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The Toxic Substances Control Act:
from the perspective of Steven D. Jellinek

  • Born: May 22, 1940, Brooklyn, New York

  Interview Details

Interview no.: 0653
Interview Date: January 29, 2010
Location: The Chemical Heritage Foundation, Philadelphia, Pennsylvania
Interviewers: Jody A. Roberts and Kavita D. Hardy
No. of pages: 34
Minutes: 96

  Abstract of Interview

Steven D. Jellinek received a bachelor’s degree in political science from the University of Rochester and a master’s degree in public affairs from Syracuse University before accepting a position at the Internal Revenue Service.  He was at the Internal Revenue Service for several years before being invited to work with the newly established Council on Environmental Quality.  Once the Toxic Substances Control Act (TSCA) was passed, he became the first Assistant Administrator for Toxic Substances at the U.S. Environmental Protection Agency, and soon the Assistant Administrator for Pesticides and Toxic Substances.  The position was expected to be challenging: TSCA was written with many procedural hurdles and the environmental Congressional committees were not eager to oversee its implementation.  The law quickly became an “orphan” in Congress.

Jellinek encountered many challenges in implementing the new law: there was no inventory rule and no classificatory system for chemicals; there were interagency politics that had to be negotiated; there was little statutorial guidance for prioritizing exiting chemicals, or even defining a chemical of concern; and there were no technologies of risk assessment or toxicity testing.  The Office of General Counsel advised caution in exercising the new law, and industry was quick to challenge EPA rules.  Jellinek inherited what was considered an inefficient organizational structure in the Office of Toxic Substances.  The premanufacturing review process was one of the few immediate successes; industry seemed to really internalize the goal of safer new chemicals.  Maintaining confidential business information proved to be a burden to a more effective chemicals program. 

Jellinek believes that it is the responsibility of policymakers to be precautionary.  He repeatedly questioned his decision as assistant administrator not to pressure Congress for a more workable law.  From his perspective, a reformed TSCA should strive to reduce the hurdles on EPA action, and he also thinks it might be worth considering a premarket rather than a premanufacture review.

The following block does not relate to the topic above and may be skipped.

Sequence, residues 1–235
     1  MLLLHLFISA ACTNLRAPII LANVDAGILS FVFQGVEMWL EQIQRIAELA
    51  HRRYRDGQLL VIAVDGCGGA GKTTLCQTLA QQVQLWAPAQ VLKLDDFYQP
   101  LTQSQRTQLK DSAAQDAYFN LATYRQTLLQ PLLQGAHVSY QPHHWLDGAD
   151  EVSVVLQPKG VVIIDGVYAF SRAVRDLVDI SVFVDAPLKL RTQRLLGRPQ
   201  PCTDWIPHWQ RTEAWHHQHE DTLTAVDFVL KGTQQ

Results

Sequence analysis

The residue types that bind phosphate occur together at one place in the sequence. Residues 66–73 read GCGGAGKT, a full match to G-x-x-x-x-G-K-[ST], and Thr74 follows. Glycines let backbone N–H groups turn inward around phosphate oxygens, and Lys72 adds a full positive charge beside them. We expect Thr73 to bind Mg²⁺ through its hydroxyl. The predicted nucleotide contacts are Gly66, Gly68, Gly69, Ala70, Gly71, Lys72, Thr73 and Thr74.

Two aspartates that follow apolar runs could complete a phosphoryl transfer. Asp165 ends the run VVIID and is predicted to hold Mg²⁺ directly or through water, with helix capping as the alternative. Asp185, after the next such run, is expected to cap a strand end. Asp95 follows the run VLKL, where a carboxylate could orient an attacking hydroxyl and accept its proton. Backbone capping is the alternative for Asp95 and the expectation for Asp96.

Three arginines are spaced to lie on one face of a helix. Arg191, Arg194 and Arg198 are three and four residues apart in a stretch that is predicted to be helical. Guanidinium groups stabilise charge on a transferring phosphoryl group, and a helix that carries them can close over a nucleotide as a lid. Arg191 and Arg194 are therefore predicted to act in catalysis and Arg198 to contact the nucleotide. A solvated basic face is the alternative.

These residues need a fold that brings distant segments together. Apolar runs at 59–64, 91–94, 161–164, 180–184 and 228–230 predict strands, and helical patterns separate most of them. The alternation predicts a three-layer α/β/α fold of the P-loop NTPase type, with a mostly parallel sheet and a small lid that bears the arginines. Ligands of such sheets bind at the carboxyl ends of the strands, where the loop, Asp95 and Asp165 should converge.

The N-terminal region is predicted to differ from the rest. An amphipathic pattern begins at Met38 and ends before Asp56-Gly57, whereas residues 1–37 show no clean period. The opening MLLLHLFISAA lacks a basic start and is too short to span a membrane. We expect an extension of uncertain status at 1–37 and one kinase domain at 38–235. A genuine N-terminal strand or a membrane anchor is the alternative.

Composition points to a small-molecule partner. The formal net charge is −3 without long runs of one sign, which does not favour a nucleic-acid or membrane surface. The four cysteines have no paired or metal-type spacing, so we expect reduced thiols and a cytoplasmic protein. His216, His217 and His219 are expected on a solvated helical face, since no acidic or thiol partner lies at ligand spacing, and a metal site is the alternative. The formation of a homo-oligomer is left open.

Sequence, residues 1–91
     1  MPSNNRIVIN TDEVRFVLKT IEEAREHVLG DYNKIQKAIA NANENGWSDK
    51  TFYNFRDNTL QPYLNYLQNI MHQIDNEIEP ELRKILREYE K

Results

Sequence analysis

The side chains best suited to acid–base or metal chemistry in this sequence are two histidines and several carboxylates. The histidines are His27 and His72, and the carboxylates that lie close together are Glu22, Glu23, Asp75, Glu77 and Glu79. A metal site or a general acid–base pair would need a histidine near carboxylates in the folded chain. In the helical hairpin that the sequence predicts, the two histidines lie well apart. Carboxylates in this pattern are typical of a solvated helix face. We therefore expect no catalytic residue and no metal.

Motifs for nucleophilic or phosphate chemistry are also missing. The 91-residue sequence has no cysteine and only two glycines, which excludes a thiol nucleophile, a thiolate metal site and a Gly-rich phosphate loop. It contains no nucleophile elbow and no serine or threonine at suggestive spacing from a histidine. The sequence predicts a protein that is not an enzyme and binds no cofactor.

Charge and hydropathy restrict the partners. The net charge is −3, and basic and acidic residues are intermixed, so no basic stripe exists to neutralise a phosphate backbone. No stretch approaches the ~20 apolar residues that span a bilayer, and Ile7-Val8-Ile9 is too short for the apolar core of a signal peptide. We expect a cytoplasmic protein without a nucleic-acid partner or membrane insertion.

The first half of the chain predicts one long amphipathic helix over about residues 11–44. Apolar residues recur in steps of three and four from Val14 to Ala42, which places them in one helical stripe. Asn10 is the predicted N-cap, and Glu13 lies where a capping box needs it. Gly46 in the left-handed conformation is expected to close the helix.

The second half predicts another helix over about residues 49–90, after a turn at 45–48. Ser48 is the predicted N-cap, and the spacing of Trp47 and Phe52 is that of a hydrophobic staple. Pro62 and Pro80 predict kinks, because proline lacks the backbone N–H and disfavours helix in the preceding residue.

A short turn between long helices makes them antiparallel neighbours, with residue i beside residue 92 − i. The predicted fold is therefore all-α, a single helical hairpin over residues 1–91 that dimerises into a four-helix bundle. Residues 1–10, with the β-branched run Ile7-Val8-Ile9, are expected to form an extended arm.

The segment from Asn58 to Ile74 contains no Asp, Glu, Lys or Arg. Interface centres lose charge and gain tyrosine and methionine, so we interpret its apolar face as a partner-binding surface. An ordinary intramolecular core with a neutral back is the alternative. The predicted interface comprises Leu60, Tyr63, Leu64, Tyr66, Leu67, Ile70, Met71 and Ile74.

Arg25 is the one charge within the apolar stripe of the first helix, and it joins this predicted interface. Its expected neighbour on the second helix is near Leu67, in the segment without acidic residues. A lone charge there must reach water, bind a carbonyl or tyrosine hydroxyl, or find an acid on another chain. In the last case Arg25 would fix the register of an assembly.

Education

1960 B.A., Political Science, University of Rochester
1961 M.P.A. Syracuse University

  Professional Experience

Internal Revenue Service, Washington, D.C.

1961 - 1967

Various staff positions

Internal Revenue Service, Washington, D.C.

1968 - 1971

Special Assistant to the Assistant Commissioner for Compliance

Council on Environmental Quality, Executive Office of the President, Washington, D.C.

1971 - 1972

Staff Member

Council on Environmental Quality, Executive Office of the President, Washington, D.C.

1972 - 1973

Senior Staff Member

Council on Environmental Quality, Executive Office of the President, Washington, D.C.

1973 - 1977

Staff Director

U.S. Environmental Protection Agency, Washington, D.C.

1977 - 1981

Assistant Administrator for Pesticides and Toxic Substances

Jellinek, Schwartz & Connolly, Inc., Washington, D.C.

1981 - 2000

President

Dow AgroSciences, Zionsville, Indiana

1994 - 2004

Member, Global Environmental Advisory Committee

OMI Corporation, Stamford, Connecticut

1996 - 2000

Member, Board of Directors

The Scotts Miracle-Gro Company, Marysville, Ohio

2001 - present

Member, Innovation and Technology Advisory Board

  Honors

1969 - 1970

National Institute of Public Affairs Fellowship, Stanford University, Palo Alto, California

  Table of Contents

Title and Description Page

Education and Early Career 1

Public administration.  Internal Revenue Service.  President’s Council on Environmental Quality.  U.S. Environmental Protection Agency.

Perceptions of the new Toxic Substances Control Act 4

Political difficulties.  Procedural hurdles.  Reorganizing the Office of Toxic Substances.  Absence of congressional advocates.

Implementing the Toxic Substances Control Act 6

Inventory rule.  Naming chemicals.  Interagency Testing Committee recommendations.  Prioritization.  Defining unreasonable risk.  General Counsel.  Premanufacturing notices.  Office organization.  Confidential business information.  Lack of mandate.  Risk assessment and toxicity testing.

The Inevitability of Being Wrong 17

Precaution versus the “precautionary principle.”  Asbestos.

Toxic Substances Control Act Reform 22

Reduce procedural hurdles.  Premarket versus premanufacture review.  Prolonged Congressional oversight.

Index 26

  About the Interviewer

Jody A. Roberts

Jody A. Roberts is the Associate Director for the Center for Contemporary History and Policy and the Manager of the Environmental History and Policy Program at the Chemical Heritage Foundation. Roberts received his Ph.D. and M.S. in Science and Technology Studies from Virginia Tech and holds a B.S. in Chemistry from Saint Vincent College. His research focuses on the intersections of regulation, innovation, environmental issues, and emerging technologies within the chemical sciences.

Kavita D. Hardy

Kavita D. Hardy is a research assistant in the Environmental History and Policy Program at the Chemical Heritage Foundation. She received a B.A. in Chemistry and in Economics from Swarthmore College.

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